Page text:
Hands up if you love Appendix F in the P3O manual?
If you’ve just read that line and you’re thinking what the heck, settle back in your chair, let me put a virtual arm around your shoulders and bring you in on one of the worse kept secrets about PMO and P3O.
PMO practitioners love Appendix F because it’s a massive table with a list of all the different functions and services you’ll find in a PMO. It covers the most common functions and services you’ll likely to find in Portfolio, Programme, Project Offices and Centres of Excellence.
What are the functions?
The best place to start with Appendix F is by understanding what they mean by a function.
A function is a functional area of project management (or portfolio, programme etc) – so that means planning; risk management; resource management; quality assurance and so on.
So for each function, there are services associated with it. For example, risk management as a function will have services like; maintaining the risk log or facilitating a risk management workshop.
Appendix F gives the different list of common functions to be found and the services associated with it.
PMO practitioners love Appendix F because it gives the breakdown of functions and services across the different types of PMOs.
To complete the Appendix it also suggests useful tools and techniques for each function.
It’s just a list, so what?
Yes it’s just a list but it’s a useful one in many different ways:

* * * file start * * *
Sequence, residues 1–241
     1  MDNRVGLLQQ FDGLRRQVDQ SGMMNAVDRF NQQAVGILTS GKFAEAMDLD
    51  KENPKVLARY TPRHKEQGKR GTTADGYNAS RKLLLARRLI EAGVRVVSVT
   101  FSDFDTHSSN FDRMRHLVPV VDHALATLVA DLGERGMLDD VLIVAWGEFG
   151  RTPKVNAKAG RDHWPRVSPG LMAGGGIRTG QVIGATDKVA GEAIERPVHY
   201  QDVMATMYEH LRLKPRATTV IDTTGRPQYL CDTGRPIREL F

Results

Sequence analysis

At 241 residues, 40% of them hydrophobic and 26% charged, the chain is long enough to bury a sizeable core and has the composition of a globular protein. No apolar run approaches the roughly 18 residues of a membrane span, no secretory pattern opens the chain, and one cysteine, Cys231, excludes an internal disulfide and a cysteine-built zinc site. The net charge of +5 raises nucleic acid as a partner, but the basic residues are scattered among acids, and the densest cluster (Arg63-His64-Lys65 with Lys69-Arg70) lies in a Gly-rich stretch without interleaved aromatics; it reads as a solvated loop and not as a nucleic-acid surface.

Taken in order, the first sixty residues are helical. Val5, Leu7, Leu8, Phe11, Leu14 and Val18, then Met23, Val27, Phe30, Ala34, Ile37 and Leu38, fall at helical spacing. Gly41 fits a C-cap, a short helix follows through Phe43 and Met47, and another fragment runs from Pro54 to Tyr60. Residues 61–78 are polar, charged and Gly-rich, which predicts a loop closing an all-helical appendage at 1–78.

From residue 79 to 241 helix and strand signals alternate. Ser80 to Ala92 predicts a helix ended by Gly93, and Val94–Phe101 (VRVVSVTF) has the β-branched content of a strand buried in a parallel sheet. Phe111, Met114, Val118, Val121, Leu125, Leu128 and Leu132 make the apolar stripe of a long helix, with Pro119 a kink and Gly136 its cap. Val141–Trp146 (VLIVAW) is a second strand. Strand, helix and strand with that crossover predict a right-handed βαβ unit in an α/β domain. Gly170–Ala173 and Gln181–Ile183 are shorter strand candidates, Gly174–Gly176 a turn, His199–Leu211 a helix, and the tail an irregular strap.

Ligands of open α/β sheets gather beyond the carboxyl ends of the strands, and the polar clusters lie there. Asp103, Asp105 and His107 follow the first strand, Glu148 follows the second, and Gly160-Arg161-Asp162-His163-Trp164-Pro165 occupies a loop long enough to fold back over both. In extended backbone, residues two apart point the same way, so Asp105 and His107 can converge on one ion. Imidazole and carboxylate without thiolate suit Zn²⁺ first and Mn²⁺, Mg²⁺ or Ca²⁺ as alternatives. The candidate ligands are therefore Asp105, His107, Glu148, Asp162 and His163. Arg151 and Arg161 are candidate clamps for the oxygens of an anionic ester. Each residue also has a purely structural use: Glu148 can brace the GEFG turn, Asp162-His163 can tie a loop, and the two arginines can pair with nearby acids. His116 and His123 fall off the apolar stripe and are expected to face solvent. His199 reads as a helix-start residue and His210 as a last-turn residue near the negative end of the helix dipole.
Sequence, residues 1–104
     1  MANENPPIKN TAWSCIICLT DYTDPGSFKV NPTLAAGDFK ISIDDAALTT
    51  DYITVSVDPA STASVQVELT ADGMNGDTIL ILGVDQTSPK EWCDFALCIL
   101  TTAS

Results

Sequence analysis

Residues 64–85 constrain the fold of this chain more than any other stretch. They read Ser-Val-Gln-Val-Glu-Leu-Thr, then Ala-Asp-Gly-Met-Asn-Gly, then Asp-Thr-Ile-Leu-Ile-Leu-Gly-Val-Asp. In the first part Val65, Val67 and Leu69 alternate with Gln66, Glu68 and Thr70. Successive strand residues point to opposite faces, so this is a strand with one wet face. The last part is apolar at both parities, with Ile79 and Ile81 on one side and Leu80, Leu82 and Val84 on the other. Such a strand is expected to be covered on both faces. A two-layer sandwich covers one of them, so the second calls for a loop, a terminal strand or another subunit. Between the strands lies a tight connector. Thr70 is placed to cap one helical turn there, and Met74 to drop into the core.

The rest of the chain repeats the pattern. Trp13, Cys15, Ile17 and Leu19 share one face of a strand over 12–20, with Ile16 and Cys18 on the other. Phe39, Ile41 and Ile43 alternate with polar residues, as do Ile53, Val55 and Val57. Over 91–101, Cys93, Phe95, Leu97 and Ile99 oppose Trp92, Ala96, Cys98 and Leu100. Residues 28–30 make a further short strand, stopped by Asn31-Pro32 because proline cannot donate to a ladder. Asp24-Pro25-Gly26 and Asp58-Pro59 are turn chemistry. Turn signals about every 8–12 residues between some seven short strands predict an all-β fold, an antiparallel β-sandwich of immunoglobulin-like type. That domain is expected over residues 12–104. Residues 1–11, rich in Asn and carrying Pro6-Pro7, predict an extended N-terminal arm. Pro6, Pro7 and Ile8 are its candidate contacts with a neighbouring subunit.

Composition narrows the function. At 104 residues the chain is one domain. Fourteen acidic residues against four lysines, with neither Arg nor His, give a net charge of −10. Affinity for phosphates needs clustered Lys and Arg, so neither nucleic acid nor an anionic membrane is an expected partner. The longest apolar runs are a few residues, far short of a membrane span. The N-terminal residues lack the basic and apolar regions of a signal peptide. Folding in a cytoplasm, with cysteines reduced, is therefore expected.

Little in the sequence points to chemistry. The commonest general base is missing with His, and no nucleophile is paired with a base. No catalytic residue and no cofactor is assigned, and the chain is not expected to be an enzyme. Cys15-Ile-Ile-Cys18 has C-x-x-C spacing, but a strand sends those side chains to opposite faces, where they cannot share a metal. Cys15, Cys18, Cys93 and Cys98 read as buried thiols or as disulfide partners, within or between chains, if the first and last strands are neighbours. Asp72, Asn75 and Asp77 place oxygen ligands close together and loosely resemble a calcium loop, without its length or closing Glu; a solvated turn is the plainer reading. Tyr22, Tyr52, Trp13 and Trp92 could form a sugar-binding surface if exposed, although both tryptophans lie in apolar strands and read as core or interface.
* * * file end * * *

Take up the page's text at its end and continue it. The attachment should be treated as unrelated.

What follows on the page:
- If you’re setting up a PMO it’s a good guide as to what functions and services you’ll likely offer
- It’s useful to see what is needed within the different types of PMOs
- It’s helpful as a practitioner to know what kinds of services you’ll be offering and therefore the skills needed to offer them.
- If you’re working in one type of PMO, it’s useful to be able to see what is offered in other types and therefore some skills gaps to address if you want to move into a different type of PMO.
- It’s not a blank page – it’s always helpful to see what others are doing and therefore how this common list has been pulled together based on the types of PMOs in operation today.
- You’ll probably use it to help you pull together your service catalogue.
- You can use it as something to audit your own PMO against – for example, do you provide the common services associated with resource management? If not, why not?
- Use it as a benchmark as something to aspire to.
If you’re working in a PMO today, Appendix F should be your useful friend, a resource that you’ll pick up time and time again.
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